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Giacinto Prandelli II - Old Italian Airs
Alessandro SCARLATTI (1660-1725)

Su, venite a consiglio [3:33]
Antonio LOTTI (1667-1740)

Pur dicesti [5:18]
Francesco DURANTE (1684-1755)

Vergin, tutto amor [2:17]
Giovanni Battista BASSANI (c.1657-1716)

Ah se tu dormi ancora [2:18]
Antonio CALDARA (1671-1736)

Sebben, crudele [3:23]
Marco Antonio CESTI (1620-1669)

Intorno all’idol mio [3:04]
Giuseppe GIORDANI (1751-1798)

Caro mio ben [2:52]
Alessandro SCARLATTI (1660-1725)

Sento nel core [4:03]
Christoph Willibald von GLUCK (1714-1787)

O del mio dolce ardour [4:11]
Francesco GASPARINI (1661-1727)

Lasciar d’amarti [2:41]
Giovanni LEGRENZI (1626-1690)

Che fiero costume [2:45]
Giovanni Battista PERGOLESI (1710-1736)

Tre giorni son che Nina [2:52]
Gian Giacomo CARISSIMI (c.1604-1674)

Vittoria, mio core! [2:21]
Gaetano DONIZETTI (1797-1848)

Scenes from Lucia di Lammermoor (1835)
Egli s’avanza…Sulla tomba [12:52]
T’allontana, sciagurato [5:01]
Tombe deglia avi miei [16:41]
Giacinto Prandelli (tenor)
Dick Marzollo (piano)
Renata Ferrari Ongaro – Lucia
Tosca Da Lio – Alisa
Philip Marco – Enrico
Norman Scott – Raimondo
Luigi Pontiggia – Arturo
Chorus and Orchestra of the Teatro La Fenice/Jonel Perlea
rec. Italian Arias - 1953 for Vox; Donizetti - 1956 for Remington
PREISER 89680 [77:21]

Fortunately a number of Prandelli’s biggest recording commitments have become widely available of late. His La Bohème with Renata Tebaldi is on Naxos whilst his Adriana Lecouvreur with Carla Gavazzi is on Cetra Warner Fonit. There’s also the Guild 1948 Boito Memorial concert under Toscanini, a live performance that’s well worth getting to know – Prandelli sings Act III of Mefistofele.

Nevertheless this does perhaps give a slightly slanted view of his career; he simply didn’t record as widely or as deeply as his talent deserved and this makes the restoration of his Aria Antiche album for Vox the more valuable. It was made in 1953 with pianist Dick Marzollo. Prandelli employs a litany of expressive and romanticised gestures to bring warmth and drama to these frequently well-loved and oft-sung pieces. Naturally this brings with it Old School metrical disruptions galore; rallentandi, frequent visits to the head voice, and a battery of colouristic inflexions.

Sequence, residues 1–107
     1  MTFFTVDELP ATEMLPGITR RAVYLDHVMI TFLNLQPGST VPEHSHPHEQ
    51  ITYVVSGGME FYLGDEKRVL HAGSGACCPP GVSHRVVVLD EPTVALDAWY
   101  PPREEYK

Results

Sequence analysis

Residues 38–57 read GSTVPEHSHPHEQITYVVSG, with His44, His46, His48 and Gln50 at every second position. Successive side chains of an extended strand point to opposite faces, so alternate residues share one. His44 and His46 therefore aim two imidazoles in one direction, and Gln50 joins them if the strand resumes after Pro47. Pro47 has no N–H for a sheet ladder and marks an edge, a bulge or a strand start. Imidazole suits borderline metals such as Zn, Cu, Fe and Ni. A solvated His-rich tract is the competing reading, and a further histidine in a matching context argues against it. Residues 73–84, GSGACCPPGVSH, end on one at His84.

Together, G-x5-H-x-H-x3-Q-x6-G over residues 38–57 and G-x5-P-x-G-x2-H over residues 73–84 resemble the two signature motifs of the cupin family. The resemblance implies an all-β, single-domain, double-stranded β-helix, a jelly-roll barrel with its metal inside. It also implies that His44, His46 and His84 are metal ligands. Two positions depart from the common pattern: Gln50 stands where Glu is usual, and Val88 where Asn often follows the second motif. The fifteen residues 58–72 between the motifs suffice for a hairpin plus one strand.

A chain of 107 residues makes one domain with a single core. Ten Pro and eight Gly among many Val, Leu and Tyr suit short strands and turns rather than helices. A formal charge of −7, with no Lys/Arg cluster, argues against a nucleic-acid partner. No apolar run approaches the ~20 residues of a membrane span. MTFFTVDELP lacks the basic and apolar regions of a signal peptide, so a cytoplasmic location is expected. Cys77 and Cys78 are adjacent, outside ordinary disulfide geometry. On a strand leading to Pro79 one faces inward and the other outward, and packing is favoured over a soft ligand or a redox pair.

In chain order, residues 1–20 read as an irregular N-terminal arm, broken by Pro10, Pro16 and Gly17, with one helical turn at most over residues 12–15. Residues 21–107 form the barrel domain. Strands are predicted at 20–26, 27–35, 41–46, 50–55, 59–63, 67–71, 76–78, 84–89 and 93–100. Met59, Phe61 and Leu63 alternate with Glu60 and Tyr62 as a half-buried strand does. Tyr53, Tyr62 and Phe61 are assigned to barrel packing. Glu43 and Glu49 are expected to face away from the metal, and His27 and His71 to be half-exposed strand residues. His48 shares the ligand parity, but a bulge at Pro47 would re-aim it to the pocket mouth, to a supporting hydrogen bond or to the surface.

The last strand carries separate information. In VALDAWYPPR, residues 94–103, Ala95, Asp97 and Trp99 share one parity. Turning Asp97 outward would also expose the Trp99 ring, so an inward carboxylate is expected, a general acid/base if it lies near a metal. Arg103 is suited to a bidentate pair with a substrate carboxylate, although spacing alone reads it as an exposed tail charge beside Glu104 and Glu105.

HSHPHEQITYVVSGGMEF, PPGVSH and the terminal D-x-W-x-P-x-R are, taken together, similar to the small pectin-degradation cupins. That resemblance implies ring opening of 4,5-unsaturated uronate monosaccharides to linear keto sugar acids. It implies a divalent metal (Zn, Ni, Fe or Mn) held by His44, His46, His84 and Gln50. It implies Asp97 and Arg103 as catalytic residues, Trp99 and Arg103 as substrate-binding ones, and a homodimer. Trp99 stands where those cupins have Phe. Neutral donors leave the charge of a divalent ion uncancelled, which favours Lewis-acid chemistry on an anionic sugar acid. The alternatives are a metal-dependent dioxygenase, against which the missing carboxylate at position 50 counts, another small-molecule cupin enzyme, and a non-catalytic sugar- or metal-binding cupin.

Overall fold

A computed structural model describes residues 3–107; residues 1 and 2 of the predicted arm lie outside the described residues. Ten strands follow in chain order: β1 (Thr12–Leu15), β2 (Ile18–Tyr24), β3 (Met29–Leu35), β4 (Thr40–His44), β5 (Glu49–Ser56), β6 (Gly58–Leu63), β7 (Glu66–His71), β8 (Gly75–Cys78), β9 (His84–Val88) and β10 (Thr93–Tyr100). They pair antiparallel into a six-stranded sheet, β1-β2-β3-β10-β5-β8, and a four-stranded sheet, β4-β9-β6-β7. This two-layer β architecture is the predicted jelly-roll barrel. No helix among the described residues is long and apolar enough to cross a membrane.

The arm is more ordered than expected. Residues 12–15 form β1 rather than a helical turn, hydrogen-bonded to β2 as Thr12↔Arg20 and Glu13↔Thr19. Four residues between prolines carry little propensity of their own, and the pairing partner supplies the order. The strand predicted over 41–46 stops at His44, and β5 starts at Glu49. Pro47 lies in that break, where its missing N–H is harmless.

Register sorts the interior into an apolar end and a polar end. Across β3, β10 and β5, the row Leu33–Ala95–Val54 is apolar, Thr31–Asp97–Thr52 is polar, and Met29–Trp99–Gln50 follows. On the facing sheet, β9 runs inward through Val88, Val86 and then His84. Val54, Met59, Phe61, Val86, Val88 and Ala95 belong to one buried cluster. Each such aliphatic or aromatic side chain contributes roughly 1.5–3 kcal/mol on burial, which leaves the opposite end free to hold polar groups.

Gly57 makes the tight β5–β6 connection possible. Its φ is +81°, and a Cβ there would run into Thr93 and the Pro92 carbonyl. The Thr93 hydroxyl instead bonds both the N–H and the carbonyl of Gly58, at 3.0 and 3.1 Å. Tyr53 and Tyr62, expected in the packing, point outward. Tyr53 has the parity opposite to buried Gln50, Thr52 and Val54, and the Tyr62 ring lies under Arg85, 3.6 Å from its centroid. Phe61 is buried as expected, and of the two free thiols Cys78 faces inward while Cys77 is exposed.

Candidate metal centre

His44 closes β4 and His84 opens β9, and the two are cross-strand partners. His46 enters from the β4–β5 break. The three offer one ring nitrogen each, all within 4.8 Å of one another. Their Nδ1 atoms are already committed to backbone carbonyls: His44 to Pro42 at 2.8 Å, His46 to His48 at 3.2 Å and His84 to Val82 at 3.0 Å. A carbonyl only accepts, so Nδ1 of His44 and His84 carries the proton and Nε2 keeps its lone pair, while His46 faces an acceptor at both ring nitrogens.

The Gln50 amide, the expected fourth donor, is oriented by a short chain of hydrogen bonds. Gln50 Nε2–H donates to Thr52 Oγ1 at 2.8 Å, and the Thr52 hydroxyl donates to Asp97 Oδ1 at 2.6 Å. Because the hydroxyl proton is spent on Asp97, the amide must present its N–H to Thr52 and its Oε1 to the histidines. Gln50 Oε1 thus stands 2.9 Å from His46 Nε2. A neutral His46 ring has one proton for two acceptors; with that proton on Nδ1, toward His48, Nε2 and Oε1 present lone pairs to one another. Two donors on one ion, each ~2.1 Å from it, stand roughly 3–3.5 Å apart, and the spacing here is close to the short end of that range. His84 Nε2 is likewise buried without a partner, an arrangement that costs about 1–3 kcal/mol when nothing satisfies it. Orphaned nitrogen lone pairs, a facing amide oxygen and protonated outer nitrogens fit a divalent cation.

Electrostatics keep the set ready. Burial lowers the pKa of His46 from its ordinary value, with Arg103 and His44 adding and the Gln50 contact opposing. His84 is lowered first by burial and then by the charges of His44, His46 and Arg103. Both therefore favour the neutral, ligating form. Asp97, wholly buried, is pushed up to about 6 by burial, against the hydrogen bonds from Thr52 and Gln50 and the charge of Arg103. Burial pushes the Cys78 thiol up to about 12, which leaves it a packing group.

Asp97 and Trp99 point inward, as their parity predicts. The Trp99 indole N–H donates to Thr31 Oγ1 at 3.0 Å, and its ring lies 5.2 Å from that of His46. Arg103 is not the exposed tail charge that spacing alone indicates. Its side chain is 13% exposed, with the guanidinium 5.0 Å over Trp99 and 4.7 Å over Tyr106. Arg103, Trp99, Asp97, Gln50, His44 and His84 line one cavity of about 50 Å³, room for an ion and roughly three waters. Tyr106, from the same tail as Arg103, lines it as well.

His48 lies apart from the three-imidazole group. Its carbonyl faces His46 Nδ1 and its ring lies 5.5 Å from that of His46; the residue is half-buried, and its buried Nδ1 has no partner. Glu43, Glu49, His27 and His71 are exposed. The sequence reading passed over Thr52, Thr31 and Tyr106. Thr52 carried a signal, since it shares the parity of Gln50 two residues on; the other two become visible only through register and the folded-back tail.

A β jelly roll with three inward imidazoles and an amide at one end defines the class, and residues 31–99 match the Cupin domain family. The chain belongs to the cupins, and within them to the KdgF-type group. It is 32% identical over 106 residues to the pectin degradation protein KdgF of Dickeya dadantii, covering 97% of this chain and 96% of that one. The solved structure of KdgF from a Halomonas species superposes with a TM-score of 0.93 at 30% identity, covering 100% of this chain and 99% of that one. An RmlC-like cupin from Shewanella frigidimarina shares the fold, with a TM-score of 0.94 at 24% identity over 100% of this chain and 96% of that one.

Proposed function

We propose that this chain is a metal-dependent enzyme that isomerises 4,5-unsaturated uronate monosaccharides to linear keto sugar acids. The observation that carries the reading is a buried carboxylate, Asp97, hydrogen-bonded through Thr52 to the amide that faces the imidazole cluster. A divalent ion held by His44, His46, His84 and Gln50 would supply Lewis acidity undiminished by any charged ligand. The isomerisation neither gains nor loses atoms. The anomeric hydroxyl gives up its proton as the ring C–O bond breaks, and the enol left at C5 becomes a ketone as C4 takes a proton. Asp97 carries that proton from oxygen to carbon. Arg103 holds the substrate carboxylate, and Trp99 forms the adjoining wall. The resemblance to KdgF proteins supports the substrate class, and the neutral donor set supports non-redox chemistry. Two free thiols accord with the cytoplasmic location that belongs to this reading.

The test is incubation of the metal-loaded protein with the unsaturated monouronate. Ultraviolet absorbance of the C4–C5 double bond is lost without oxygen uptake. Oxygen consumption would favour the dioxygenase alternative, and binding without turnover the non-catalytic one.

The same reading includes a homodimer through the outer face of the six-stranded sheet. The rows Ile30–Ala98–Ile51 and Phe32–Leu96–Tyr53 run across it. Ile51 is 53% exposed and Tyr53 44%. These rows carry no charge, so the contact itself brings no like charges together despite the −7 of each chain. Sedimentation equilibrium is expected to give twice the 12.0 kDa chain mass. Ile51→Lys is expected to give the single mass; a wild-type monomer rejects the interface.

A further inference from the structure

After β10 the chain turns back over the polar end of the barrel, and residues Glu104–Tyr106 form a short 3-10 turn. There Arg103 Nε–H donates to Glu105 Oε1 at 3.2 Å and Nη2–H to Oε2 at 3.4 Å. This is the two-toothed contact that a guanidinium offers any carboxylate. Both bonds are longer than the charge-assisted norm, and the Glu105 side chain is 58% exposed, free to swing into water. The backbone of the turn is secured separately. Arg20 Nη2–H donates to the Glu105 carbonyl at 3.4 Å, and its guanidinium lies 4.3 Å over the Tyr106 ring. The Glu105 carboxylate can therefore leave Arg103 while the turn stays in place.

In Scarlatti’s Su, venite a consiglio for example we find ritardandi and a considerable variety of dynamic shading the better to convey the emotive narrative of the song. These constant changes of colour and depth of attack, some notes punched out, others caressed, do bring a reservoir of feeling and character – Prandelli is hugely characterful – but can also be a touch disruptive to the actual line, something that I feel most strongly occurs in the Lotti. But of warmth and romance, of gallantry, there is a profusion. Caldara’s Sebben, crudele has a really glamorous sense of narrative conviction, of emotions conveyed with striking immediacy. And there’s something more than a touch Puccinian in his singing of Cesti’s Intorno all’idol mio where we find ardour and legato phrasing on a grand scale. The mezza voce is deployed with care and sincerity – it’s not a mere gadget – and this is fused with reserves of dignity in Caro mio ben. Maybe the Gluck is a touch heavy in places and yes, there’s a dose of verismo exaggeration in the Pergolesi, but I for one forgive him when the results are so personal – and personable. And what a way to end – a stridently macho Vittoria, mio core!

The "fillers" are substantial. There are scenes from the 1956 Remington Lucia di Lammermoor with Renata Ferrari Ongaro to the fore. This is a real rarity never re-released in its entirety to my knowledge. Prandelli is an assured presence and is entirely as impressive as on the two complete opera sets cited above. The voice is well projected and very immediately – in fact too immediately – recorded. All the voices suffer the same overgenerous projection however and we can note that Ongaro’s tone is rather thin in comparison with Prandelli’s vibrant and masculine one.

This is the second of Preiser’s Prandelli volumes. It’s well documented – his career really did embrace some out-of-the-way things – and finely transferred. At the time of writing Prandelli is still with us so let’s hope more volumes will emerge to celebrate his small but valuable recorded legacy.

Jonathan Woolf


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Editorial Board
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Seen & Heard
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